Patent application title: MOVING BED BIOFILM REACTOR (MBBR) PROCESS FOR CONVERSION OF SYNGAS COMPONENTS TO LIQUID PRODUCTS
Robert Hickey (Okemos, MI, US)
Robert Hickey (Okemos, MI, US)
IPC8 Class: AC12P708FI
Class name: Preparing oxygen-containing organic compound containing a carboxyl group acetic acid
Publication date: 2013-06-27
Patent application number: 20130164802
A moving bed bioreactor (MBBR) produces liquid products from a gaseous
substrate of CO and/or CO2/H2 using a biomass that grows on the
surface of carrier suspended in a fermentation broth into which the
gaseous substrate is at least partially dissolved. The injection devices
include gas spargers and preferably a high efficiency gas transfer
process such as jet or slot aerator/gas transfer devices. The gas
injection device introduces the gas in the form of microbubbles in a
substantially horizontal directions that creates eddy currents in the
surrounding liquid for thoroughly mixing the fermentation broth in a
fermentation vessel. Gas bubbles from the gas delivery device rise
through the liquid surface and provide additional mixing and gas
dissolution. The motion of gas and liquid keeps the biomass carrier
moving can also provide sufficient shear so as to maintain the biofilm
thickness on the biomass carrier media in the desirable range. The result
of combining a MBBR process for gaseous components of CO and/or
CO2/H2 with a highly efficient gas transfer process results in
an economical and high product volumetric production rate process for
producing liquid fuels such as ethanol.
1. A process for converting a feed gas containing at least one of CO,
H2 and CO2 and a mixture of CO2, H2 and CO to a
liquid product, said process comprising: a) passing a feed gas into a
vessel that retains a fermentation broth and microorganisms therein under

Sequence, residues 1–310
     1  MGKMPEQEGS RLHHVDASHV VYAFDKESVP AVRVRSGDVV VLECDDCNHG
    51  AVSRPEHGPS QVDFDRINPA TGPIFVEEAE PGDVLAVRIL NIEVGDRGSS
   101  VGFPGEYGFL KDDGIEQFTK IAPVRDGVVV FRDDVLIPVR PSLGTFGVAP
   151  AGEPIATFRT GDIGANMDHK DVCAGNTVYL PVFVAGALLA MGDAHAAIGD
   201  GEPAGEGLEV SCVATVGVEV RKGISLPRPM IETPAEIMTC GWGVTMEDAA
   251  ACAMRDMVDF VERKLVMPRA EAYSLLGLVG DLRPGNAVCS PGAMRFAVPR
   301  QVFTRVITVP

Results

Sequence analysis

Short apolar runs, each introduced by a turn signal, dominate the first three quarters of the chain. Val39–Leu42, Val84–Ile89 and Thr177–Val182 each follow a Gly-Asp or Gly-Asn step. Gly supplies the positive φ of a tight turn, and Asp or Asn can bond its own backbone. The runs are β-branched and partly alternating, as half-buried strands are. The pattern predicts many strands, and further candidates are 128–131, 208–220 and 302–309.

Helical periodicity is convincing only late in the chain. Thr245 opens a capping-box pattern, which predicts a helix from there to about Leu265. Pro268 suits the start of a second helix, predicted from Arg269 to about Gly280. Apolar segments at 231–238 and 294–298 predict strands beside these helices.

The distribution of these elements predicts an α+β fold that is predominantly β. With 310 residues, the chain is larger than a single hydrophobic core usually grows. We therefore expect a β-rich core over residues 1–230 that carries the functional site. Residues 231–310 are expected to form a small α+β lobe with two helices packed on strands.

anaerobic conditions with the fermentation broth supplying nutrients to
the microorganisms that produce a liquid product from the feed gas; b)
passing the feed gas and liquid medium into an injector to at least
partially entrain the feed gas into the liquid medium as microbubbles; c)
delivering the entrained feed gas and liquid medium to the fermentation
broth as a plume and injecting the plume into the vessel in a
substantially horizontal direction; d) retaining inert microorganism
carriers having a surface supporting a biofilm of the microorganisms in
the vessel that are arranged for circulation throughout the fermentation
broth in the vessel; e) circulating the biomass carriers containing the
microorganism and the broth in the vessel so that a portion of the
carrier and the broth from time to time directly and immediately contact
the plume of feed gas and liquid medium at the location where the feed
gas and liquid medium enter the vessel the substantially horizontal
direction; f) passing the plume upward and horizontally through the
vessel after the substantially horizontal injection of the liquid medium
and feed gas through the feed injector so that at least a part of the
plume travels in a horizontal direction at least half way across the
vessel so that broth and microorganism receive feed gas across the full
cross section of the vessel; and, g) withdrawing fermentation broth
containing liquid products from the vessel through a carrier retainer to
impede the withdrawal of the carrier material with the broth; and, h)
recovering liquid product from the withdrawn broth.
2. The process of claim 1 wherein a high velocity gas transfer system injects the feed gas and liquid into the fermentation vessel.
3. The process of claim 2 wherein the high velocity gas transfer system comprises a contact chamber, at least a portion of the liquid medium comprises fermentation broth, and the contact chamber injects a plume comprising a mixture of dissolved feed gas and microbubbles into the vessel.
4. The process of claim 3 wherein the mixing intensity of the plume is controlled to maintain a desired thickness of biomass on the biomass carrier
5. The process of claim 1 wherein the at least a portion of the microbubbles, after horizontal injection, change direction and travel vertically through the fermentation broth for a distance of at least 9 meters.
6. The system of claim 1 wherein the biomass carrier has a relative density of 0.9 to 0.98 with respect to the fermentation broth.
7. The system of claim 1 wherein biomass carrier fills at least 30 to 70% of the wetted volume of the vessel.
8. The process of claim 1 wherein the microorganism produces a liquid product comprising at least one of ethanol, n-butanol, acetic acid and butyric acid.
9. The process of claim 1 wherein the microorganism comprises a mono-culture or a co-culture of any of Clostridium ragsdalei, Butyribacterium methylotrophicum, Clostridium Ljungdahl, Clostridium autoethanogenum, and Clostridium Coskatii.